45 Minute Shows – A Revolution in Television

On 21st November 2011, Sony Entertainment Television launched a set of new fiction shows; to replace “Kaun Banega Crorepati”, or KBC, as it is more popularly known as. It is seemingly an unimportant development, with more than 50 Hindi GECs (General Entertainment Channels), launching a new show, every week or month. The interesting fact about these shows on SONY is, their time duration.

Amitabh Bachchan urges KBC 13 contestant to flaunt her dance moves; Namrata  dances to Alia Bhatt's song

Kuch Toh Log Kahenge and Dekha Ek Khwaab, two shows on SONY, run for 45 minutes each, covering the prime time slot from 8pm to 9.30 pm Kbc lottery number check. By increasing the time duration of these shows, from the regular 30-minute slot, the channel has brought a new trend on Indian television.

As television viewers, we are used to watching 30-minute or 1-hour shows on television. While most of the fiction shows across all GECs have 30 minute episodes, very few shows are aired for 60 minute slots. In earlier days, Mahabharat and Ramayan, while today Chandragupta Maurya on NDTV Imagine channel, have 60 minute episodes. Apart from that, only reality shows have 60-minute episodes on Indian television.

The important point to be understood here is, how these 45 minute shows can impact the viewer’s choice of show, and in turn the TRPs of shows across different channels. If an individual starts watching and following, Kuch Toh Log Kahenge, the 8pm show on SONY; then the viewership of 8.30 pm show on other GECs gets affected. Also, as the other 45 minute show, Dekha Ek Khwaab, starts at 8.45 pm, it is already running, when a 9pm show starts on other GECs. The ad-breaks are assigned such that, the show is going on at 9pm, which invariably leads to viewer not switching channel; to watch a show starting on another GEC, at 9pm.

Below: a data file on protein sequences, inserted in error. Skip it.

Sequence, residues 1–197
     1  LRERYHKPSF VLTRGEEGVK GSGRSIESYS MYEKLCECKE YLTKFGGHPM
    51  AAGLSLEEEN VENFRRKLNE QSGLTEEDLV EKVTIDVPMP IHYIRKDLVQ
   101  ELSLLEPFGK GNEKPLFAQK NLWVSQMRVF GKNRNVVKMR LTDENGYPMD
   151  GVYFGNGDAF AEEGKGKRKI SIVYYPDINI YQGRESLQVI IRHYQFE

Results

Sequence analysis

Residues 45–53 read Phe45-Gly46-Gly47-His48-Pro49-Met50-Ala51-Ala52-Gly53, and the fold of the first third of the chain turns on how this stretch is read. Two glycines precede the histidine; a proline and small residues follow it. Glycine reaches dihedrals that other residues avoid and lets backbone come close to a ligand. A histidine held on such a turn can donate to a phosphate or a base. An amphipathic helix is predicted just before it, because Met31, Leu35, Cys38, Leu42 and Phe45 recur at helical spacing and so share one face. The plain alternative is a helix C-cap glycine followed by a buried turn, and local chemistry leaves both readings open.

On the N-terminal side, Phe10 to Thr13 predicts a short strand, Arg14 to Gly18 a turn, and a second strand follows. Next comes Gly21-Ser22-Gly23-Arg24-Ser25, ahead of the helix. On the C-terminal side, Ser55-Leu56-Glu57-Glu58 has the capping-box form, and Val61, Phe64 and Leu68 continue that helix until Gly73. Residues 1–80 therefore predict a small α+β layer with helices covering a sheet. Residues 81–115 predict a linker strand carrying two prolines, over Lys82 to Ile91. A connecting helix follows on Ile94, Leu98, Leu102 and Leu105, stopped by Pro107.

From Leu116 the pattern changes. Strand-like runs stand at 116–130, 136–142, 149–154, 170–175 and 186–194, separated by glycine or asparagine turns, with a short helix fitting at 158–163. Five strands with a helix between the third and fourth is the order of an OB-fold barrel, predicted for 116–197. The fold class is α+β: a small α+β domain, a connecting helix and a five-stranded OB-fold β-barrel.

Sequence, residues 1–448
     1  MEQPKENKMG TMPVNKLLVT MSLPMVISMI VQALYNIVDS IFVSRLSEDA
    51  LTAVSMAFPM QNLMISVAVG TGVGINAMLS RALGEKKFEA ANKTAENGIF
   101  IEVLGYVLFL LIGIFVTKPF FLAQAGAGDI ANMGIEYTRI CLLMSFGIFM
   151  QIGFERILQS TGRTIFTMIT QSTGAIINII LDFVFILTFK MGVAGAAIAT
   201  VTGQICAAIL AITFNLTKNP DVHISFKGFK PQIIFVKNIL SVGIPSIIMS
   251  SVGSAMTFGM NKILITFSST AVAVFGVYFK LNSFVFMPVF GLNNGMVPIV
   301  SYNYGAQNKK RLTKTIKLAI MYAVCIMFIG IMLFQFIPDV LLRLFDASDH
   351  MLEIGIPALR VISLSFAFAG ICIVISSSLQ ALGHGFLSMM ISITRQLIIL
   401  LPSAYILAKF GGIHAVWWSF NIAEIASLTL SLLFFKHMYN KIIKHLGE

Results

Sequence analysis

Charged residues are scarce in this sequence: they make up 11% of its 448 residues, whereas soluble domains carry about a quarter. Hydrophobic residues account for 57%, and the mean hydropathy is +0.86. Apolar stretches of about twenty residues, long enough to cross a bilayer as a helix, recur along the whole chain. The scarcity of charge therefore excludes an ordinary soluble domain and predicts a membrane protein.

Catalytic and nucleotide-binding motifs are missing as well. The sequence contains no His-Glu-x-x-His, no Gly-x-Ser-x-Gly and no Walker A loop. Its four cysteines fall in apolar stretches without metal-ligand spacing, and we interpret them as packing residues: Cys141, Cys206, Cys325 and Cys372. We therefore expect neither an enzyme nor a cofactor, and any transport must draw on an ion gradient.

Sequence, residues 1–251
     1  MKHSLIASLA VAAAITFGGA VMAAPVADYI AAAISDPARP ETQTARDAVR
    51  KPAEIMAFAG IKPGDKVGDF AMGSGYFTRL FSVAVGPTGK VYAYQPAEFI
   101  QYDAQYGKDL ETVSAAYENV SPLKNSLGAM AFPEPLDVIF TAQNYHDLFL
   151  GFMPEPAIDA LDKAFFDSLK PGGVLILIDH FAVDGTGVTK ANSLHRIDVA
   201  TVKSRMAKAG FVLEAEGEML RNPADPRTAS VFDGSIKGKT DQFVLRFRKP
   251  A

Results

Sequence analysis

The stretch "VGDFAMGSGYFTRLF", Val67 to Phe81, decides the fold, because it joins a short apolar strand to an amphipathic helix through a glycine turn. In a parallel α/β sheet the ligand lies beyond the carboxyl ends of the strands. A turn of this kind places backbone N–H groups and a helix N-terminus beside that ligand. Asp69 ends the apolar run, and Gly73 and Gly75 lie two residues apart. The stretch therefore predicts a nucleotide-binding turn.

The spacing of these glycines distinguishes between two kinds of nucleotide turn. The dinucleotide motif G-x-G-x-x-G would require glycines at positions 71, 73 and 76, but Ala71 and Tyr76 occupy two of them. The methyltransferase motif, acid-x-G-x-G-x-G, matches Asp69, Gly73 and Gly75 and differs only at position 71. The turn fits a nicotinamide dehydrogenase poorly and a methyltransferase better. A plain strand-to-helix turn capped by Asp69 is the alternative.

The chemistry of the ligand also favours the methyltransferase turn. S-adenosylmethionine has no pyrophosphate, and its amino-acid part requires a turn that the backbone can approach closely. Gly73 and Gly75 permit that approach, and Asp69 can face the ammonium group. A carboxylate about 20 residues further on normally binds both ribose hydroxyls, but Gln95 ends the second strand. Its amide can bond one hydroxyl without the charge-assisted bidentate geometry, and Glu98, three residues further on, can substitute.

Thus, by running two shows of 45 minutes, TRP’s of almost 3 shows in the same time slot, broadcast on other GECs, stand to get affected.

Also, the production to broadcast costs, get reduced. With two 45-minute shows occupying 90 minutes of screen time, the overall production cost is less; as compared to the production costs for three 30-minute shows covering 90 minutes.

It may seem that, two 45-minute shows being broadcast at primetime on a GEC is not a big deal. Instead, if we take a closer look; then it can be understood, that how a 45-minute slot can impact the TRPs of shows run on other GECs. Also, the reduced production to programming ratio helps the channel in achieving significant profits.

Most of us are familiar with the process for income tax filing where we generally show income from a constant or regular source. This income is taxed as per the tax bracket we fall into. There are other incomes which do not fall into any defined criteria and hence they are grouped under “other incomes”. This is also known as residuary head of income.

Considering that most African countries attained independence less than five decades ago, the influence of the colonial administration on the practice of public relations in African countries cannot be ignored. Kenya is a country in East Africa. Having attained her independence from Great Britain in 1963, Kenya’s history is replete with several aspects of the colonial administration that to date permeate the traditional and professional aspects of life among its people and organizations.

The emergence of public relations in Kenya was the consequence of the desire of powerful interest groups, among them the British colonial administration, to create and manage public opinion. It is in the early 1920s that British civil servants at both the local and national levels started getting aware of the importance of public relations.

The British government public relations existed in Kenya from the inception of the colony in terms of building and maintaining relationships with key publics but used interpersonal and social relations as the main technique to achieve harmony and acceptance of its goals. In order to step up its efforts to pass information to the people, the colonial administration established the Kenyan Information Office (KIO) to handle it’s information and press functions. In 1942, the post of principal information officer (PIO) was created to take over the information and press duties from the KIO. Then, in 1944, a specialized post of public relations officer was created within the KIO with greater strategic responsibility for producing and supplying publicity materials.

Author: awais

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